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Something Rotten!
Photograph: Joan Marcus

The year in Shakespeare on Broadway and Off, at the movies and on TV

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Wednesday night, Broadway holds its collective breath for reviews of the season’s most buzzed-about shows—Something Rotten!. The Elizabethan-set spoof is about a couple of London playwright-brothers squirming in the shadow of Shakespeare, who decide that the only way to beat the Bard is by presenting the world’s first musical. The script and score are peppered with jokey allusions to Shakespeare’s plots and quote him copiously. However, Christian Borle’s puffed-up opportunist (above) is hardly what you’d call a flattering portrait of sweet Will.

Something Rotten! is the unofficial kickoff to a year of Shakespeare in various forms around the city. And while there’s never a shortage of his work being done on big stages and small, we thought we’d round them up for you. Plus, 2016 will be the quadricentenary of the Swan of Avon’s death, so the drinking starts early.

Starting April 24, the feisty troupe Fiasco Theater dives into The Two Gentlemen of Verona, his lesser-revived romantic comedy, at Theatre for a New Audience. Expect lots of hectic multiple role-playing and resourceful theatrical tricks.

Shakespeare in the Park: This year the Public Theater’s beloved free tradition presents The Tempest and Cymbeline under the stars from May 27 to August 23. Performers include Sam Waterston, Jesse Tyler Fergson, Lily Rabe and Hamish Linklater.

If you prefer your Shakespeare indoors and possibly with an Irish lilt, there’s DruidShakespeare in Lincoln Center Festival. Galway, Ireland’s esteemed Druid Theatre Company presents the four plays sometimes called the Henriad: Richard II, Henry IV Parts One and Two and Richard III. This epic presentation is adapted by the sensational Irish verse dramatist Mark O’Rowe; we’re curious to see what he does with the language. It runs July 7-19 at the Gerald W. Lynch Theater.

If you’re one of the thousands of poor souls who weren’t able to score tickets to Benedict Cumberbatch’s Hamlet in London this summer, you can at least see his performance on the big screen. NT Live will start broadcasting taped performances on October 15. For times and locations, check here. Perhaps Coriolanus and Tom Hiddleston are more your speed; you can see the NT Live Donmar Warehouse broadcasts starting November 12. Details here.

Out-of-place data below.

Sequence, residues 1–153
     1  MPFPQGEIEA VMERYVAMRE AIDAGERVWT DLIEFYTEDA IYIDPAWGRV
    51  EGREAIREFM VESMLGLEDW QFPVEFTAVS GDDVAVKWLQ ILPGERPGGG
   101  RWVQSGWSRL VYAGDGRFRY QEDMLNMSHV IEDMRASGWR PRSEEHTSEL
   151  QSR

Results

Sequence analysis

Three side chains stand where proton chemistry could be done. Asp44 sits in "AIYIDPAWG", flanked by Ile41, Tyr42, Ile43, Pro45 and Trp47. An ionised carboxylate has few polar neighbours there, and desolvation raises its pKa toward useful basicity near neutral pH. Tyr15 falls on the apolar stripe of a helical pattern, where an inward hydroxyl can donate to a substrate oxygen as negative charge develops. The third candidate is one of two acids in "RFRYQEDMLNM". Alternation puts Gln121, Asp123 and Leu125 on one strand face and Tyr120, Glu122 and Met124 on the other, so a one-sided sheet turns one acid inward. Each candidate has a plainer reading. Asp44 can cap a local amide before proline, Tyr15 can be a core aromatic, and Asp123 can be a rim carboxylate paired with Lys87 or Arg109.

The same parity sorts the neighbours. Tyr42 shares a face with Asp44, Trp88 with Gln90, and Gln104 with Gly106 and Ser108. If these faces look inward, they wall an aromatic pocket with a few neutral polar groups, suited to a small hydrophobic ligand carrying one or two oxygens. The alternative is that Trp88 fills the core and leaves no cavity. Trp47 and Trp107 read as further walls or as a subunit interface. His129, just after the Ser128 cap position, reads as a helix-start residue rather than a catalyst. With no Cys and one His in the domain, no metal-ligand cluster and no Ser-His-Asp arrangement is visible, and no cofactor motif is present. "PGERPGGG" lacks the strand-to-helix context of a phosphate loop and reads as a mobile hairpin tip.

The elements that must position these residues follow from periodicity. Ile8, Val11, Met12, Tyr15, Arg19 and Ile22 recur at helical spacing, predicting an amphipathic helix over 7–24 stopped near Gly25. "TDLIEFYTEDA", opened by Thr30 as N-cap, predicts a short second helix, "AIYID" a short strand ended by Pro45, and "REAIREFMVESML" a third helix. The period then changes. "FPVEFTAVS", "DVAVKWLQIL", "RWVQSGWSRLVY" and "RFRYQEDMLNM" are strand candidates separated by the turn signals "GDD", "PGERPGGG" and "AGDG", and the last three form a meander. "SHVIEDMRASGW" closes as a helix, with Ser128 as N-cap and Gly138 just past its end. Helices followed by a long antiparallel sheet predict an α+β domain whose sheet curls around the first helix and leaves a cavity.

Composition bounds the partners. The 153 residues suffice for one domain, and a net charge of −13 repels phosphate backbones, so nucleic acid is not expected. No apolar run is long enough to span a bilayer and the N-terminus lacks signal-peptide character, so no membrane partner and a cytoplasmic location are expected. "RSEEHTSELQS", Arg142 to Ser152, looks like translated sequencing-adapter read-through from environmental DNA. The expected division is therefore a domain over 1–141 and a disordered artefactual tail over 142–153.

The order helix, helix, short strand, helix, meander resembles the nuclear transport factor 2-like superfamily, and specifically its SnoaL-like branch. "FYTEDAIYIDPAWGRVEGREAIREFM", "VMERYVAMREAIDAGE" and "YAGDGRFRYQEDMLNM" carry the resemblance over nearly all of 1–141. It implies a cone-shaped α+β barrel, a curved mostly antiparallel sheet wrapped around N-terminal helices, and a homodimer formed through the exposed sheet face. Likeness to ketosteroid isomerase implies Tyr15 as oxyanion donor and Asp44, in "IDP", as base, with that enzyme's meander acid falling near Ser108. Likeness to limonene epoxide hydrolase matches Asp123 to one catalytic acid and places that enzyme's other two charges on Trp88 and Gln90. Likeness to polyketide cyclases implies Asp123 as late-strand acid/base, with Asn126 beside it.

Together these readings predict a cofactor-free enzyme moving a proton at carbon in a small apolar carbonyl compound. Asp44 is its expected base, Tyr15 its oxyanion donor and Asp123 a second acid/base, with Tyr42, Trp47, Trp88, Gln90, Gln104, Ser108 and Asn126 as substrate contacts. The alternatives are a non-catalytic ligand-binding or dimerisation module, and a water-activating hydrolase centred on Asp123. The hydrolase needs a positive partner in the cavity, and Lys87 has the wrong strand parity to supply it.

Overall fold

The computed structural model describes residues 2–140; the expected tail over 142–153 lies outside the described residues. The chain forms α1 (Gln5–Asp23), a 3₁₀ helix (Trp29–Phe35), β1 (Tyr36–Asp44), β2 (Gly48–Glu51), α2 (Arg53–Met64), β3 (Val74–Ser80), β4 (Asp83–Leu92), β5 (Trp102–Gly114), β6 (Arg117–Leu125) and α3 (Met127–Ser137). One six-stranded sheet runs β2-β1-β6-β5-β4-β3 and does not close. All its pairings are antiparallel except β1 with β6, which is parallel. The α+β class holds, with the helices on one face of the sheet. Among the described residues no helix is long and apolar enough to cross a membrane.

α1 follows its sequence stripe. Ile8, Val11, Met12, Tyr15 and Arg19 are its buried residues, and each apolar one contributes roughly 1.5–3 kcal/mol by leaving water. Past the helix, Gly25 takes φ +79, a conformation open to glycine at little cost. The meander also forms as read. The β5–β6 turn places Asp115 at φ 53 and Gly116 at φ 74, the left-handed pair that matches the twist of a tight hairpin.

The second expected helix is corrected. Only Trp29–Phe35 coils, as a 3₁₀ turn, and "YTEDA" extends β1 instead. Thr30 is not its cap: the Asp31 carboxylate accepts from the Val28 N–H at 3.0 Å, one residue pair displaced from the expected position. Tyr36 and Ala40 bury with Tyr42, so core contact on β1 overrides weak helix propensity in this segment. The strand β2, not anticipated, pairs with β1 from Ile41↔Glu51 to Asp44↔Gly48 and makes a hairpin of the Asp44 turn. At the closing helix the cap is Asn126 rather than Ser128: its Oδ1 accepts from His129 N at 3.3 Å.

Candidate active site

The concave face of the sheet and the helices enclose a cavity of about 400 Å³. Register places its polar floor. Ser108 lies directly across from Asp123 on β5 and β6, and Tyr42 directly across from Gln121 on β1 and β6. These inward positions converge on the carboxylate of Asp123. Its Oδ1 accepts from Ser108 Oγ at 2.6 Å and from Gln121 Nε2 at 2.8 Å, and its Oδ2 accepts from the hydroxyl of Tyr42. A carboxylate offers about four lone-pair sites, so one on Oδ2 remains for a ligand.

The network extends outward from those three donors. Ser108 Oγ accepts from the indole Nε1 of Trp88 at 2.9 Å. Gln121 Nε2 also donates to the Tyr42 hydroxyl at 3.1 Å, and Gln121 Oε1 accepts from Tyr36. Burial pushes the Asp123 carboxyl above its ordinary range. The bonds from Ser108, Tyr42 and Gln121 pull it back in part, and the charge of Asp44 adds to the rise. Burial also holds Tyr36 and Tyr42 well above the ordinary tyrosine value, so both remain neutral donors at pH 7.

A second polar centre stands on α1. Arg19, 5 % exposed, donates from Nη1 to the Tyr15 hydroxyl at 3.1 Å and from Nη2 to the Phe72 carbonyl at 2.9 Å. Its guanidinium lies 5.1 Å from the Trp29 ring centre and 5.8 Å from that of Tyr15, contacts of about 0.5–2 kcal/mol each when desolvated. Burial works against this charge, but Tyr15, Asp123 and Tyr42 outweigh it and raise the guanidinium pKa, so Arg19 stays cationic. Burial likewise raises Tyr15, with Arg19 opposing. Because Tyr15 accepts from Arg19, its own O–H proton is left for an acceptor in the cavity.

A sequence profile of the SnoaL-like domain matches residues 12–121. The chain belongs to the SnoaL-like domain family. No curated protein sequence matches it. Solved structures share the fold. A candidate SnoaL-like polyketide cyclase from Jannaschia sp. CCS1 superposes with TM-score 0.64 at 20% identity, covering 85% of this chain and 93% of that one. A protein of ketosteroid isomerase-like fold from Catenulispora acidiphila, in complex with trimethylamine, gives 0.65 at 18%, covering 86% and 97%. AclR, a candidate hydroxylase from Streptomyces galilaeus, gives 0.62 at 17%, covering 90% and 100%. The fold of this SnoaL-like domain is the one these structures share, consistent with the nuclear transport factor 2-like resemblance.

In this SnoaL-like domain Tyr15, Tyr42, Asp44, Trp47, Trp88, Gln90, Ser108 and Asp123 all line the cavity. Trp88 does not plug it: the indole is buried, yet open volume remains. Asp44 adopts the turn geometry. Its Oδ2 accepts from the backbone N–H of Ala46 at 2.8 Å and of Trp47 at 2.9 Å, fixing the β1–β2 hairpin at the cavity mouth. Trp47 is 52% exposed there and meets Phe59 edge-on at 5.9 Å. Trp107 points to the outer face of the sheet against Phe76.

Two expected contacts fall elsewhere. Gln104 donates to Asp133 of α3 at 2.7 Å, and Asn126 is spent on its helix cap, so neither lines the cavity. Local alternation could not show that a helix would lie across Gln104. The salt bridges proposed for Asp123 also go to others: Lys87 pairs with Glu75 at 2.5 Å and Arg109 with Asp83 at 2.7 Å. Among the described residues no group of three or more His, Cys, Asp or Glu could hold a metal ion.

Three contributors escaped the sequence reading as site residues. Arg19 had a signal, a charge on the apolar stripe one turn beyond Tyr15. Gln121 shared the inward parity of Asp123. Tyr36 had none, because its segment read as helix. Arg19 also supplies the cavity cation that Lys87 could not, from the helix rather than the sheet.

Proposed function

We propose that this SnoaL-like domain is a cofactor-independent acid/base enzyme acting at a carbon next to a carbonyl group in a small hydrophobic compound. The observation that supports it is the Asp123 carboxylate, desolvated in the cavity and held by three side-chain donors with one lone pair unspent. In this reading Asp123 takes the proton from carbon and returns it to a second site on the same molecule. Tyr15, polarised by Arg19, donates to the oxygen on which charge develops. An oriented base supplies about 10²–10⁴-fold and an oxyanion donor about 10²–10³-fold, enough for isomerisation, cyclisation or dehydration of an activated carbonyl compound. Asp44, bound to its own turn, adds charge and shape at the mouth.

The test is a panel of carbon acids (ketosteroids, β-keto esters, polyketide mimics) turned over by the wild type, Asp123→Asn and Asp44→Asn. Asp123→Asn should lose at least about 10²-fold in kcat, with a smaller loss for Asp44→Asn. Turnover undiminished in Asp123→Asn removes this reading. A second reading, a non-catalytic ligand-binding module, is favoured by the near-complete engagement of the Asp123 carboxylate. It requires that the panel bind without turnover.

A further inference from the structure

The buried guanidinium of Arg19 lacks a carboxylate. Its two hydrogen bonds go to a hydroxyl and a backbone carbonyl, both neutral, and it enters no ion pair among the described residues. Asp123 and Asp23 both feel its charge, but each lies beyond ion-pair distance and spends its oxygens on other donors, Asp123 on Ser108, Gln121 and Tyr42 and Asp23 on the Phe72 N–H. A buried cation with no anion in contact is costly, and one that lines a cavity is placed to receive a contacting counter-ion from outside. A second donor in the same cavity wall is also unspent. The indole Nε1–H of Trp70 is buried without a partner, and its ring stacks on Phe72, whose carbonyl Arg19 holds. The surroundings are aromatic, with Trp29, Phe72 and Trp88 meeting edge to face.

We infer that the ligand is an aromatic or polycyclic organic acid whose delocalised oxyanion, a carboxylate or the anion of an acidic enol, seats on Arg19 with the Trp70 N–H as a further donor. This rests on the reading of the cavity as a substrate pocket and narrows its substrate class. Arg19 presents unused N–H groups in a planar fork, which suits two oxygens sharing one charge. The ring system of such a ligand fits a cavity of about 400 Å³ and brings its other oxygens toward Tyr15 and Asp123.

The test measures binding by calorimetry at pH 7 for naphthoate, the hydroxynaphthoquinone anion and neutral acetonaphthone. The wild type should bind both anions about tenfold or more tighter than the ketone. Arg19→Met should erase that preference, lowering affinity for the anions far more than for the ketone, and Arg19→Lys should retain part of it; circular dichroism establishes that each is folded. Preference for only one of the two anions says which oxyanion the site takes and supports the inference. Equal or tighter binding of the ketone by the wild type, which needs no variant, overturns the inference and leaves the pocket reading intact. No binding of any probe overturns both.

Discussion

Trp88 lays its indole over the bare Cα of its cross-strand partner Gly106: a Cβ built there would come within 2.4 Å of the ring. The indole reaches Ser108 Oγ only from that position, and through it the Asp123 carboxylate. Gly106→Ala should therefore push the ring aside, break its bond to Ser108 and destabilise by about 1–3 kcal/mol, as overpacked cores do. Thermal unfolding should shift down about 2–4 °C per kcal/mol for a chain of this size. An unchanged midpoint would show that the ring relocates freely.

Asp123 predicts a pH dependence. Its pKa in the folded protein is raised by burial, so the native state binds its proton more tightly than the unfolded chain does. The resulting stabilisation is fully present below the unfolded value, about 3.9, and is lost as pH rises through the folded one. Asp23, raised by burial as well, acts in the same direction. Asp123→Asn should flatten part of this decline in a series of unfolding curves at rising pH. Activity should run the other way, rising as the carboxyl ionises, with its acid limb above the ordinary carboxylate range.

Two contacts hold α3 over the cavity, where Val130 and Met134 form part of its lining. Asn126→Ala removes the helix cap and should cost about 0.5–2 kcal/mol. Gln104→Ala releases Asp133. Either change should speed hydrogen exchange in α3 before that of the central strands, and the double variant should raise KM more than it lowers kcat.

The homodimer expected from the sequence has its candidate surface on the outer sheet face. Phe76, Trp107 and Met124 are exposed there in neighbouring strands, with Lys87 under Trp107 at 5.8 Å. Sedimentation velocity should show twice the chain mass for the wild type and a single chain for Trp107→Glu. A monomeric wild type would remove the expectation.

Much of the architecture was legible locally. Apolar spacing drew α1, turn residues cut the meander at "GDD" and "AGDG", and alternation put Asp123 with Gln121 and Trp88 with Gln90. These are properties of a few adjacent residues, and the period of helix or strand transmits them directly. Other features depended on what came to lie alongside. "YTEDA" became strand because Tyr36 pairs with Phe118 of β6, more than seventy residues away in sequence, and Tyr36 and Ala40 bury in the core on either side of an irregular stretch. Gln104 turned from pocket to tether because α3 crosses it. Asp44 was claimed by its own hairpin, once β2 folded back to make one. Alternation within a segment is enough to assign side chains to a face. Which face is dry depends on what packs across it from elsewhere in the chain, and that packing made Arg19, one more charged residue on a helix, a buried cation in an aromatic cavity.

As if one Henriad a season weren’t enough, we have another coming next spring at BAM. The Royal Shakespeare Company sets up shop from March 24 through May 1 with King and Country: Shakespeare’s Great Cycle of Kings, also combining Richard II, Henry IV Parts One and Two and Richard III. The four are performed in repertory and directed by RSC head Gregory Doran. That’s a lot of Falstaff for one year.

But wait! There's more! St. Ann's Warehouse announced its 2015-16 season, and it is bringing an all-female Henry IV from the Donmar Warehouse to Brooklyn in November (directed by the formidable Phyllida Lloyd). Yes, that's three times to see Prince Hal and Sir John Falstaff trading insults in nine months. Lloyd also directed an estrogen-heavy Julius Caesar in 2013 that we loved.

There’s plenty more Shakespeare to be seen in free outdoor fashion this summer, but those above should be the high points. And we haven’t even gotten to These Paper Bullets!, a Beatles-esque spin on Much Ado About Nothing, with songs by Green Day’s Billie Joe Armstrong (starting at the Atlantic Theater Company this November). Plus Bardheads on both sides of the Atlantic are panting to learn broadcast dates for The Hollow Crown: The War of the Roses, in which, yes, Benedict Cumberbatch plays our favorite physically challenged crown-grabber, Richard III.

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